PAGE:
The day before the concert, these artists led free performing arts workshops after school for the students. I took the hip-hop class, which was led by IZ and Jedi, a producer. They told us that there was going to be a showcase after the workshop and that every class had to perform. We had people from the school’s dance team in the class, so we decided to do a hip-hop dance routine and I would rap afterward. I was really scared, but IZ and Jedi gave me advice and motivation. They told me that a true rapper never gives up and steps up to every challenge.

As people filled the auditorium, I knew that this performance was going to be different than my shower raps. The crowd clapped and screamed a lot of “woos” during the spoken word, DJ and acoustic performances, which made me feel a lot more pressure.

I wanted to be taken seriously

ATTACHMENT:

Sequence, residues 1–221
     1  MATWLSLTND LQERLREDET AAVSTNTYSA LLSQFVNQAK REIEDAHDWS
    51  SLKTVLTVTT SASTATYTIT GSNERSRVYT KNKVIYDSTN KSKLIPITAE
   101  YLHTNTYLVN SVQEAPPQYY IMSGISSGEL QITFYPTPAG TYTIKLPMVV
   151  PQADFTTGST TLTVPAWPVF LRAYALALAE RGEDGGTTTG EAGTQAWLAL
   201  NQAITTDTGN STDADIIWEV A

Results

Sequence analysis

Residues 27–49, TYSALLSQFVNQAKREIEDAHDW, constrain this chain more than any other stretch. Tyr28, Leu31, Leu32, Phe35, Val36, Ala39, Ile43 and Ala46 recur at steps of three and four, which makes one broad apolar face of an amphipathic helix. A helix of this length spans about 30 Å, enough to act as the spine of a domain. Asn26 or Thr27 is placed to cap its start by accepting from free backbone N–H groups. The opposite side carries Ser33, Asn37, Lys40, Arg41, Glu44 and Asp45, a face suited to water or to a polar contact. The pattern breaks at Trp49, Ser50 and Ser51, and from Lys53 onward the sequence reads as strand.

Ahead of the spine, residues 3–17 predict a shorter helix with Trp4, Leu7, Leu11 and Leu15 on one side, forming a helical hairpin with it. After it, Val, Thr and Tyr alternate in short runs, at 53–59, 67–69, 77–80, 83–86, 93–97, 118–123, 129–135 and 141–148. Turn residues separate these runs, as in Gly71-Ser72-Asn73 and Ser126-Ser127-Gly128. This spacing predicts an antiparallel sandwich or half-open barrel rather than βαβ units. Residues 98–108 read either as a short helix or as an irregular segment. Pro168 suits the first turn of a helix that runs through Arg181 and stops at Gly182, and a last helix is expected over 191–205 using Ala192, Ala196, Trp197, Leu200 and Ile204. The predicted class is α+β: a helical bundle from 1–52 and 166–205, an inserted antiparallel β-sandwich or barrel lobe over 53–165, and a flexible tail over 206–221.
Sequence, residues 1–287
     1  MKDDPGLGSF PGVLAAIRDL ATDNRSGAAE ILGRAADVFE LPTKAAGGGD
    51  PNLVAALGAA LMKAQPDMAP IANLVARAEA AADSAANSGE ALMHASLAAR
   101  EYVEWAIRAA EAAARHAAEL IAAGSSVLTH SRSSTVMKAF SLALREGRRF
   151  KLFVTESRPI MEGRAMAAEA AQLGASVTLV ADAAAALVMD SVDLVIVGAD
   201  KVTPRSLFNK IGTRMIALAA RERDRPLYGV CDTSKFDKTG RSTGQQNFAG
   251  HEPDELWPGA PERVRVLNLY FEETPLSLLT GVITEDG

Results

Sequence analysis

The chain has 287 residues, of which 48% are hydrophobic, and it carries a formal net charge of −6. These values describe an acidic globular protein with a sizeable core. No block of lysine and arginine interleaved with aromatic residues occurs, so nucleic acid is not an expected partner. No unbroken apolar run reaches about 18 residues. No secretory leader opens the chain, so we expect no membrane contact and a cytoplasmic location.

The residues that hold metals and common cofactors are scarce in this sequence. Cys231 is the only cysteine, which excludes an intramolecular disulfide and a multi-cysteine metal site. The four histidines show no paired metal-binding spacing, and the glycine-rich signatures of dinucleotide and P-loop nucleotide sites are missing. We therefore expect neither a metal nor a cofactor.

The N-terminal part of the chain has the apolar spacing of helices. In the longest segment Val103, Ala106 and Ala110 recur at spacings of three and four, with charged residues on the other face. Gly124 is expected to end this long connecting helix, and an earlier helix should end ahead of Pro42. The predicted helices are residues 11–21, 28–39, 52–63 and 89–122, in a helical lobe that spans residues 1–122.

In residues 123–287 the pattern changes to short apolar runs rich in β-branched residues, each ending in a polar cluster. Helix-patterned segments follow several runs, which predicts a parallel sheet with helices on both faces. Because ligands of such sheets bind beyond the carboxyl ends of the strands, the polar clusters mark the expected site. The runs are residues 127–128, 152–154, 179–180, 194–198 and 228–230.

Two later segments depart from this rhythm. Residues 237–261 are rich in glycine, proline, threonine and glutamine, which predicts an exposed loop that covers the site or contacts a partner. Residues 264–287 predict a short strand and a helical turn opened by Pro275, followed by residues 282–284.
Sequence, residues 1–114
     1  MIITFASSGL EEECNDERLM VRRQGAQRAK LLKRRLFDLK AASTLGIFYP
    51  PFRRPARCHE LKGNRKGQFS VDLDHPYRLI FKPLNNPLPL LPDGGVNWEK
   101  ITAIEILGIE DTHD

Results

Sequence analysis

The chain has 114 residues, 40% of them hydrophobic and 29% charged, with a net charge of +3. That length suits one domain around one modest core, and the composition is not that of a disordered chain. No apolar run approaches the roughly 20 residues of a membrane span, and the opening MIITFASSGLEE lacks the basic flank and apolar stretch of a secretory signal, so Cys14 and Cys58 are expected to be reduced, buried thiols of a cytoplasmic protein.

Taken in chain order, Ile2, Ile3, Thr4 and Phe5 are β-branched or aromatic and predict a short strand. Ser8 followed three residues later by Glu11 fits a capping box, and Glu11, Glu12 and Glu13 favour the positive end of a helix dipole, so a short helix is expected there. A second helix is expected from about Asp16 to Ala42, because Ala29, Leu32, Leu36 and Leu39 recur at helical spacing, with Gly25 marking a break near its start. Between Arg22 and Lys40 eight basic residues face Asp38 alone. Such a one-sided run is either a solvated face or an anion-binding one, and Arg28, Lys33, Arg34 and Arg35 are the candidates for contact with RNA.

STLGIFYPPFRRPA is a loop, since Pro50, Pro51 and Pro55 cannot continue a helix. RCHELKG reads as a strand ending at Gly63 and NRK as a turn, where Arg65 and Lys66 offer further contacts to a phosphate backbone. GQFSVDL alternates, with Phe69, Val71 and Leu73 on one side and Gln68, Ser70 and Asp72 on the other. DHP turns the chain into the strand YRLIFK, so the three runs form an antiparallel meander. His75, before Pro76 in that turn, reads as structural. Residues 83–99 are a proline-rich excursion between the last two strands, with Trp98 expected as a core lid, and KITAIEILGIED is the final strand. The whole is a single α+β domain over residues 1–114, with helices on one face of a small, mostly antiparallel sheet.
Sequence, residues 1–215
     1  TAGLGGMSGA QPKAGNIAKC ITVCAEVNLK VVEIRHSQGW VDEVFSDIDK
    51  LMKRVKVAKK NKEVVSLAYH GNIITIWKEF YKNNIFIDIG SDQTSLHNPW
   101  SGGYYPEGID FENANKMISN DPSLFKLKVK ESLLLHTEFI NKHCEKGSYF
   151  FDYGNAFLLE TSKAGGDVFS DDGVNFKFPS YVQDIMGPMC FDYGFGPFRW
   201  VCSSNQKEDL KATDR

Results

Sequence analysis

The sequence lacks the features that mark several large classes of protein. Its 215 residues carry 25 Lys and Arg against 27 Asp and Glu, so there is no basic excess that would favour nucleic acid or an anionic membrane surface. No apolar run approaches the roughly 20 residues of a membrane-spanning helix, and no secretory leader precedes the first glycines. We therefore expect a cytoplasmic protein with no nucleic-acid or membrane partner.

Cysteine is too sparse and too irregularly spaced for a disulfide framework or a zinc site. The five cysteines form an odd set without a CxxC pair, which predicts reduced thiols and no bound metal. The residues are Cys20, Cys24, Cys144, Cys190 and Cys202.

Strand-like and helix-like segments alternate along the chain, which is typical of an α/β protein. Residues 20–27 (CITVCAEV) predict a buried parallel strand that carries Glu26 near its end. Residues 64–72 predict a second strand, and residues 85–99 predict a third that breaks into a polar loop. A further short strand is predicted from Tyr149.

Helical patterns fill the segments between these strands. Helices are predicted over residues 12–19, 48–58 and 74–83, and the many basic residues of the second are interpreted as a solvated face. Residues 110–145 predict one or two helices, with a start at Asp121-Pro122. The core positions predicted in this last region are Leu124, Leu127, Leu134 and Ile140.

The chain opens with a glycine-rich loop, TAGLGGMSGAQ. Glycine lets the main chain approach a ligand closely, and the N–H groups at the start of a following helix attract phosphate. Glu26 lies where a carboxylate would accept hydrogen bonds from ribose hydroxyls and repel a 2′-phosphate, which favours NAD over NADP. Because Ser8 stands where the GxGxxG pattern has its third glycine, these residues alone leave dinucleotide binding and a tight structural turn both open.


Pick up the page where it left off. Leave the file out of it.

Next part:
Even though I had rapped along to my favorite song, “Changes,” so many times, I still kept thinking that I would forget the words. But what worried me the most was that the crowd wouldn’t respect me.

The hip-hop dance routine was good. After they finished, the DJ played his own instrumental hip-hop beats that I’d rap on top of. I stood there and looked at the crowd and let the beat flow through my ears.

Bass. Snare. Bass, bass, snare. Bass. Snare. Bass, bass, snare.

“I see no changes. Wake up in the mornin’ and I ask myself/ Is life worth living should I blast myself?” I rapped with confidence. When I was performing I wanted to look like a rapper, so I walked all over the stage and moved my hands with the beat. I was so into the moment that I forgot I was a Korean Catholic altar boy and just thought of myself as a rapper.